Date: July 22nd, 2021 2:16 AM
Author: Laughsome cumskin
When I was around 10 years old, my mother had a college friend, who brought over her son (who was my age) and he thought it would be amusing to take some of my mother’s lipstick and put it on. Then he started putting some sort of mascara (or something similar) on me.
My mother walked into the bathroom and went absolutely ballistic. I had never seen her have this sort of reaction. Instead of laughing and thinking it was amusing (which is something I think most mothers would do), my mother instead became extremely angry. In fact, she started yelling at me and the boy. She got so angry that the boy’s mother became very uncomfortable and they left.
“That’s disgusting. You’re a boy—not a girl! You should never dress up like a girl. If you like dressing up as a girl you are going to have a horrible life,” she screamed. “And I am not going to have anything to do with you. You’re also going to get beat up a lot!”
I am not going to comment on whether or not I approve of my mother’s reaction. What I will say, though, is that she frightened me a great deal and made the thought of dressing up as a girl, or doing anything mildly “gay,” incredibly distasteful to me.
I thought about this episode recently because one of my daughter’s friends is a 3 ½-year-old boy and he dresses up as a girl (all the time) and even takes ballet lessons with other girls. Although my daughter has been friends with this boy for more than a year, only recently did she learn that her friend was, in fact, a boy.
The parents of this boy are very supportive of their son and allow him to behave and act just as he prefers to. If the child turns out to be gay, or later wants to have a sex change operation, I am confident that the parents will be extremely supportive. Indeed, at this point in his life, they even take him shopping for little girls’ clothes. They are nurturing him and allowing him to be the person he wants to be.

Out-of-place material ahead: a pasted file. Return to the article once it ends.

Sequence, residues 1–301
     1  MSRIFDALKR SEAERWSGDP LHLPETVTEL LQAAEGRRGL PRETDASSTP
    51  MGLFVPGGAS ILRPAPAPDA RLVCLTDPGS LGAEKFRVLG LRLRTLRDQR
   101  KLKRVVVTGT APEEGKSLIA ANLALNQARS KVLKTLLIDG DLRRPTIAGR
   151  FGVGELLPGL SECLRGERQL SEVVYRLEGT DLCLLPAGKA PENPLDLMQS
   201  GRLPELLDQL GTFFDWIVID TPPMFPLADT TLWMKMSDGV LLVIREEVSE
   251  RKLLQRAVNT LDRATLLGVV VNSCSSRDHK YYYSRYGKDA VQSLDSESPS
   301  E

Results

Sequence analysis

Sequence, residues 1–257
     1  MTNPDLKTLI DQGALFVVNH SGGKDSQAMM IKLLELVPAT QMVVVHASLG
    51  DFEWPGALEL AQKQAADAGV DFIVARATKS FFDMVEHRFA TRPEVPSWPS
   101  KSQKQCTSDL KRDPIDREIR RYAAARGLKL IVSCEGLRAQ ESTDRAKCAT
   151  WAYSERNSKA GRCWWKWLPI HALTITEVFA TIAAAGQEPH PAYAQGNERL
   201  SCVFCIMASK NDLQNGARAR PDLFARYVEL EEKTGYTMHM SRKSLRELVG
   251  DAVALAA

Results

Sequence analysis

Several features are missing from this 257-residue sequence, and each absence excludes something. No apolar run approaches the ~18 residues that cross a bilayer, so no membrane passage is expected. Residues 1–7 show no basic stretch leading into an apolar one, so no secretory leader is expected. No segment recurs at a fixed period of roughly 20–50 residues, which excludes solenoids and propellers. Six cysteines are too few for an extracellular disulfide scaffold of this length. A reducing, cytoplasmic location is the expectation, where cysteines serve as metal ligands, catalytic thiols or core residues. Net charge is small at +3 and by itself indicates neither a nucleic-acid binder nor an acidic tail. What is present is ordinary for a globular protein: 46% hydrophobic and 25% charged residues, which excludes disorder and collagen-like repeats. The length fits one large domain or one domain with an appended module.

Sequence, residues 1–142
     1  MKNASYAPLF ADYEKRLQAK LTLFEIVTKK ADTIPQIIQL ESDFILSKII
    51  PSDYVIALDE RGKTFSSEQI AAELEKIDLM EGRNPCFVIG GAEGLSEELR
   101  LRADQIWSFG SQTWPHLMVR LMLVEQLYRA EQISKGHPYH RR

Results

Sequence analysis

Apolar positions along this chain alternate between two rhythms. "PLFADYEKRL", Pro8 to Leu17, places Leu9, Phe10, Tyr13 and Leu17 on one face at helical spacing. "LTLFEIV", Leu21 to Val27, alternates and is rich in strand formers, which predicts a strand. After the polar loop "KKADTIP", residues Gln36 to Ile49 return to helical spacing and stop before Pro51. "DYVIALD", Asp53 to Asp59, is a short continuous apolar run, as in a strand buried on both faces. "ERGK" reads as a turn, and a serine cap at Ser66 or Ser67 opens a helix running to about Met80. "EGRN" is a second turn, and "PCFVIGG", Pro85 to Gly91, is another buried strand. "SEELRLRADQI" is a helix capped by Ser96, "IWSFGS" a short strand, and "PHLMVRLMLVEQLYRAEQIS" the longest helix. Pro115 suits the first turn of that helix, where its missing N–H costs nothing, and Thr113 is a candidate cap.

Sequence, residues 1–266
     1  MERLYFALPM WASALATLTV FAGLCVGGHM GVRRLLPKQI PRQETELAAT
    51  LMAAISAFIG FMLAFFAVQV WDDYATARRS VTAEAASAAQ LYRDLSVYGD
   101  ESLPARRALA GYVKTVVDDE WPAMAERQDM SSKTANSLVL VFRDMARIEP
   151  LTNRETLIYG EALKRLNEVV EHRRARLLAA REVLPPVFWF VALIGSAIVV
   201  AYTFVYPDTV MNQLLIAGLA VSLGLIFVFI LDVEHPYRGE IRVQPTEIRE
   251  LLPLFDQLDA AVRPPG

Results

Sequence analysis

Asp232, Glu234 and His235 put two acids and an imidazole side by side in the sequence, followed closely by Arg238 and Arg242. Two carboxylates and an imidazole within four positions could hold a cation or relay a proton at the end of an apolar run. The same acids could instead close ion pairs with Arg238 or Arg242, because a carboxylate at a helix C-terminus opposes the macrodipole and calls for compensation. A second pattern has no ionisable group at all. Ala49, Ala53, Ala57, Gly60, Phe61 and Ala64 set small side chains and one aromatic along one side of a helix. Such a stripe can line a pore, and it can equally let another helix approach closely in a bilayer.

What if my mother had walked in when I was dressing up as a girl and encouraged it?
What if she suddenly sat down and helped put on the makeup and told me I looked great?
What if she subtly encouraged me to do more of the same?
The message I was sent by my mother was that under no circumstances was behaving like a girl at all appropriate. I was expected to be a man. Sometime later, I got in a fight at the park one day after school. My mother learned about the fight and when I told her I lost, she had one of her “tough” male friends come over and give me fighting lessons. The message I was being sent was that I was expected to fight, be manly, and so forth. Within a short while, I was aggressively standing up for myself and fighting anyone with interest in doing so. I was sticking up for myself and most people ended up backing off.
One of my closest friends growing up turned out to be a very good artist. He was always encouraged with his art when he was young, and his parents sent him to art class instead of allowing him to play sports. When he was younger, I do not recall him being a particularly good artist—but he was wildly encouraged to be good at art. His mother would ask him to paint her flowers and do other art-related things. If he wanted to take an art class (or anything else that could be construed as feminine) after school, she would always drive him. If he wanted to do a sport, I remember he was on his own. Accordingly, all of the interests he pursued were feminine in nature.
“My mother always wanted a girl,” I remember him telling me several times when we were younger.
His mother dressed him for school each day and encouraged his feminine side as much as she could. By the time he was 14 or 15, I started to hear rumors about him having sexual-type experiences with boys our age. I did not know him after the age of 13 or so because we attended separate schools, but the last time I saw him, he was around 19, gay, and working at Kinko’s, enjoying being around graphic art and so forth. Two years later, when he was 21 years old, he died of AIDS.